Malvern Hall, now a girls' school, 3/8 mile east of the church, is a mid-18th-century stone mansion of two stories. It had a third story that was removed in the 19th century. The north front has a middle projecting block with a pediment and balustraded parapets. The curved middle portico with Ionic columns was added in 1811. The gate-posts to the forecourt are painted with the arms of Lewis, Greswolde, and Tollemache.
Malvern Park Farm, formerly Witley or Whiteley, ½ mile south of the church, is a late-16th-century house. The plan was originally L-shaped, but the angle of the L has been filled in with a modern wing of brick. The upper story of the north elevation is of close-set studding; above the eaves are three large gabled dormers of later square framing. The lower story is of brick, but the entrance preserves the original nail-studded door hung with ornamental strap-hinges. Some framing is also exposed in the kitchen-wing. The interior has been much modernized; some stop-chamfered ceiling-beams are exposed and the roofs have wind-braced purlins.
Ravenshaw, close to a ford across the River Blythe, preserves the form of a complete early-15th-century house with a great hall of two 13½-ft. bays, and solar and buttery wings making an L-shaped plan. Internal alterations have caused the partial destruction of the original roof-trusses: these were of the usual construction with braced tie-beams, &c. The ordinary ceiling-beams are chamfered, and the main block has a wide fire-place at the south end. By this, in the east front, is a projecting square bay with close-set studding to the upper story and gable-head. The lower story and the side walls of the main block are of later red brick, except for a post or two. The entrance doorway at the north end of the east front has a moulded oak frame and nail-studded door hung with ornamental straphinges. The north wing, of three bays and with higher eaves than the main block, has much original close-set studding and retains an original five-light window in the east end. The central chimney-stack, inserted in the 16th century, has three conjoined diagonal shafts. There are remains of a moat to the north (wet) and west (dry) of the house, and to the south-east is a large five-bay barn of timber-framing.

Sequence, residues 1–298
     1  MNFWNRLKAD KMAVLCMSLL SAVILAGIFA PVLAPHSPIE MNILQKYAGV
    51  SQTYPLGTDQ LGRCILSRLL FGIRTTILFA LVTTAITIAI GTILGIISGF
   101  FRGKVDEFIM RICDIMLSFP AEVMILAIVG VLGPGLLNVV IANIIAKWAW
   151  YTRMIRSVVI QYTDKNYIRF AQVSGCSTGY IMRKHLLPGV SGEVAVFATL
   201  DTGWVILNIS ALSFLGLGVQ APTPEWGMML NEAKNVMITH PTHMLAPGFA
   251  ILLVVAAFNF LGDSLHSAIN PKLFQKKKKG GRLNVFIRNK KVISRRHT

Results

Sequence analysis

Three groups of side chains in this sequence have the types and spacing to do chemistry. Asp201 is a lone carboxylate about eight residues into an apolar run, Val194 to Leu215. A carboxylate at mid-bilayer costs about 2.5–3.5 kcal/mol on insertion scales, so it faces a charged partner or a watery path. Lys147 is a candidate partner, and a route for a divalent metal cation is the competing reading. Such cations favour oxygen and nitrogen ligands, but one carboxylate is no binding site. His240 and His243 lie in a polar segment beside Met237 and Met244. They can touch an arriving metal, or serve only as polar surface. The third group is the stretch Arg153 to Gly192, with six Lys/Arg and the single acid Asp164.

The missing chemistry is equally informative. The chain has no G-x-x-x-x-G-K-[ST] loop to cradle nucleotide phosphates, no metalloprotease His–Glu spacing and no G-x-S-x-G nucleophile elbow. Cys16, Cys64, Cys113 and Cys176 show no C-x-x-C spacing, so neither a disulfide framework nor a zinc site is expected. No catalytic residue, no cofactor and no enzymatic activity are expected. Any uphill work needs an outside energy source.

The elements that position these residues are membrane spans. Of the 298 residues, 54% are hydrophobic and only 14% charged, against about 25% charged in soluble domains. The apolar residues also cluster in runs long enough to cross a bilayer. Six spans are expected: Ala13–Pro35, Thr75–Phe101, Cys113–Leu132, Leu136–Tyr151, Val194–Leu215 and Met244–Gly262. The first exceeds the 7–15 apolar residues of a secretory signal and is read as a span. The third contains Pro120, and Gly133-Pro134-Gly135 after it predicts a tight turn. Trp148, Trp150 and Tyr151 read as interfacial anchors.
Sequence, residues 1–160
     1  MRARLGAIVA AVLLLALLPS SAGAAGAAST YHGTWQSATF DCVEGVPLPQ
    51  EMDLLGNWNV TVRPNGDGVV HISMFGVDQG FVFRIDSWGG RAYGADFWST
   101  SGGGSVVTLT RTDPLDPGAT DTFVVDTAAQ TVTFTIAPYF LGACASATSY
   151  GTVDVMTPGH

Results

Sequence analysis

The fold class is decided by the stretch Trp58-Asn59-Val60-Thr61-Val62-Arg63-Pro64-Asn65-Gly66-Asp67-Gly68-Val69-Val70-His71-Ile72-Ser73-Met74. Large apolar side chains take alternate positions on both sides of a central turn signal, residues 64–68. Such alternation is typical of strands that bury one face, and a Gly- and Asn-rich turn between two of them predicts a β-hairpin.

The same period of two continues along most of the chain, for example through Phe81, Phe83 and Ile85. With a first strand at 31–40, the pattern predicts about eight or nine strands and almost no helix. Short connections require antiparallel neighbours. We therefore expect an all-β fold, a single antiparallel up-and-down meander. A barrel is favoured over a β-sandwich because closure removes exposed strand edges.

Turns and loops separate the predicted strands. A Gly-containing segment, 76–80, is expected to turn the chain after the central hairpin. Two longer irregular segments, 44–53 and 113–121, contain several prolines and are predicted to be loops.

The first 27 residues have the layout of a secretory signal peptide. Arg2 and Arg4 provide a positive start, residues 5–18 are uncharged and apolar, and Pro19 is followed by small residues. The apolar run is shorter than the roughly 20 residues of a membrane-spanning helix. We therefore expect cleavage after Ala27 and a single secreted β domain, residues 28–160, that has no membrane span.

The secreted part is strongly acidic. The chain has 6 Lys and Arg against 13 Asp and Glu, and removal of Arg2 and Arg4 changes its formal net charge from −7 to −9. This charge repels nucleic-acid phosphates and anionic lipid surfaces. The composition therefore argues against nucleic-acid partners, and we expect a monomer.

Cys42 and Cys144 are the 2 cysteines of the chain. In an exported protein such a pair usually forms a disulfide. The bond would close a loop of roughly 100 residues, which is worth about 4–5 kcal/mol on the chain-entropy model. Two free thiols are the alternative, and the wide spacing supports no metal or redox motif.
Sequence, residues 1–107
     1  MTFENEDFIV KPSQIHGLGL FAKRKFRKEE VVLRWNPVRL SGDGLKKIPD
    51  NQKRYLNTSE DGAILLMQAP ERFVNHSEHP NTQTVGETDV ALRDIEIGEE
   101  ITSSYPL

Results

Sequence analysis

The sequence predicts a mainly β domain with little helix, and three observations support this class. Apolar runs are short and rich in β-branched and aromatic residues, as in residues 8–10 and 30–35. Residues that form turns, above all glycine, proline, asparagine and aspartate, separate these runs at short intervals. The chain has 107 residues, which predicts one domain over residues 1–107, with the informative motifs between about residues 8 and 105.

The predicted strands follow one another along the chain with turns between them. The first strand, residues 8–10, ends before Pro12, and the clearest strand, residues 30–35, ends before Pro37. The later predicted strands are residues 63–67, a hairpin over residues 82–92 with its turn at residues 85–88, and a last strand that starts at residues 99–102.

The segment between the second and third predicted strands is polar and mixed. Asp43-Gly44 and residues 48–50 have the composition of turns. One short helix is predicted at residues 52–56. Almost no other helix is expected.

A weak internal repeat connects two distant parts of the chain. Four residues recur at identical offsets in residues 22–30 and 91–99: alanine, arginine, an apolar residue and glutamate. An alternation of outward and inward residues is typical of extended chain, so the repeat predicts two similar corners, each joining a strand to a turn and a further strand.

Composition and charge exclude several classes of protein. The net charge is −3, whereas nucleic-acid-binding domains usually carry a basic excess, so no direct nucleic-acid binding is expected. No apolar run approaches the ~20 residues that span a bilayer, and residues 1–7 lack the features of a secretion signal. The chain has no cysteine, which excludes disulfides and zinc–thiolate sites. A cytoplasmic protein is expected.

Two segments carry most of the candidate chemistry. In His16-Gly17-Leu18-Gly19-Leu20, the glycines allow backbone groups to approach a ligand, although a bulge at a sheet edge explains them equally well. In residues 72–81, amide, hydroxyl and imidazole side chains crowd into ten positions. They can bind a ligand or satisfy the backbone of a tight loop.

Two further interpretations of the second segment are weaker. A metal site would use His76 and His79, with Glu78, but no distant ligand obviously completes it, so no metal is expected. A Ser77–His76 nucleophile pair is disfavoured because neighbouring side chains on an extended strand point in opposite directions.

Bogay Hall Farm, 15/8 miles east of the church, dates from c. 1500. The main part was probably the wing of a larger building of hall-place type; it is of close-set studding. The east end had a jettied upper story on curved brackets and projecting gable-head, but all below the last has been built out with a modern brick face. The original roof-framing remains with a braced tie-beam, queen-posts, and purlins with curved windbraces. The projecting chimney-stack on the north side is dated 1883. The part extending south is either a modern addition or part of the old main block completely modernized.
Henwood Hall, on the site of the priory, was pulled down in 1824, but a small modern farm-house near-by has a number of stones from the nunnery built into the garden walls. These include voussoirs of moulded ribs of a 13th-century vault, moulded voussoirs of arches, four or more small moulded capitals, a gabled head of a pinnacle with crockets and finial, and the headless image of a Virgin and Child, all of the same period and in red sandstone. Much of the oak panelling was removed to the Rectory and Olton Hall. (fn. 16) Several lines of low banks and depressions in the fields east of the farm probably indicate the actual conventual site.